Scoliosis and its medieval cure

The discovery of the remains of King Richard III of England has led to the discussion of the king's scoliosis, "a lateral or side-to-side curvature of the spine," easily seen in the skeleton, and the techniques that would have been available to "cure" it.

Richard on the couch

Now that Richard III's body has been identified, experts are probing his mind. In a paper presented March 2, 2013 at the University of Leicester, Professor Mark Lansdale and forensic psychologist Dr Julian Boon offered an analysis of Richard III's character.

Ransom profitable for medieval rank-and-file

History has recorded that the ransom of kings and nobles was a popular way for armies to raise money during the Middle Ages, but new research shows that the practice may have also been popular among common soldiers.

Did "Solarsteinn" lead Vikings west?

Experts have long speculated that a Norse Solarsteinn, or sunstone, was used to help Viking mariners find their way west through cloudy weather, and the discovery of such an artifact on a sunken, 16th century English warship may prove it.

Identity theft in the Renaissance

Most people believe that identify theft is a modern concept, but the Renaissance also had its share of frauds and pretenders. In a new book Renaissance Impostors and Proofs of Identity, author Miriam Eliav-Feldon of Tel Aviv University's Department of History looks at men and women of the time who played loosely with the rules of identity.

New Year magic in the Middle Ages

In the Middle Ages, the period after Christmas was a time for looking ahead to the new year. Practices included superstitions and methods to predict weather for the coming year. The clergy accepted some of the age-old rituals, but were loathe to allow others. A recent article for Phys.org looks at Christmas Day fortune telling.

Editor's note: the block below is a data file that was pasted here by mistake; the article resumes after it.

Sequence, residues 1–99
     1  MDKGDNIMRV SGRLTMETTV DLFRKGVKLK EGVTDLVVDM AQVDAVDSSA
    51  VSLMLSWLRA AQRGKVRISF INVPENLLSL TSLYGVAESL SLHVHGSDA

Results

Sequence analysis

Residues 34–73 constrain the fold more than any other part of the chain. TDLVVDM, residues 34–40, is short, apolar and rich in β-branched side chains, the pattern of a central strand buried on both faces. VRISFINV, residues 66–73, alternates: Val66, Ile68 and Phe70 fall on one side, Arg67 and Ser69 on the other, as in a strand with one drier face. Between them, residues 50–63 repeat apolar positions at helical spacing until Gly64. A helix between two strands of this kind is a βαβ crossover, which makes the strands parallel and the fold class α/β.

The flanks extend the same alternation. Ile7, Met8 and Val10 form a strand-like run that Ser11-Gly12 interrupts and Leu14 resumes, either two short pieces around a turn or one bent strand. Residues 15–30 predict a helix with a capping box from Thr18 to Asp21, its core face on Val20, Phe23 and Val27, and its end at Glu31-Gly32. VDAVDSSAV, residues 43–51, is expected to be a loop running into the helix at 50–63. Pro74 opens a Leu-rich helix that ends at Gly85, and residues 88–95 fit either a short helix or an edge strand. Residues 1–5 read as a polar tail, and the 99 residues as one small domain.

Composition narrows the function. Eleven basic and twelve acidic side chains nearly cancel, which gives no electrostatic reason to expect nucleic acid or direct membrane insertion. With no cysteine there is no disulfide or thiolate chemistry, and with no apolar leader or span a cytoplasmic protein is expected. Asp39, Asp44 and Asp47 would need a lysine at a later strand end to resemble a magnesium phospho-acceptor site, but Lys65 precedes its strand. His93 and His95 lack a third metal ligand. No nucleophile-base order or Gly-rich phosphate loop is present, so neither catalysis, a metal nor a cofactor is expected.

Inability to adapt not the cause of demise of the Vikings

One of the theories about the demise of Viking settlers on Greenland was that the Norse were unable to adapt to the island's harsh climate, but Danish and Canadian researchers believe that was not the cause.

The complexity of identifying Richard III

Archaeologists, historians and royalists are waiting with bated breath for the determination of the identity of a skeleton found in Leicester, England. The skeleton is believed to be that of King Richard III, but they may have a long wait for the test results.

University of Exeter app to bring Anglo-Saxon poetry to smart devices

Like Anglo Saxon poetry? The University of Exeter will soon have an app for that! An article for Phys.org writes, "The University of Exeter's Modern Languages department is working in collaboration with Antenna International to create the App which will reveal the secrets of medieval literature to a new audience."

Tycho Brahe not poisoned

For over 400 years, rumours have surrounded the death of Danish astronomer Tycho Brahe, including one which suggested that Brahe was murdered using mercury by his assistant Johannes Kepler. Now, after two years, evidence from the scientist's exhumed body disproves the theory.

Psychological profiling by the Vikings

Dr Tarrin Wills, from the Centre for Scandinavian Studies, believes that Vikings used their understanding of human psychology to "profile" possible trouble-makers. He recently presented his research at the British Science Festival.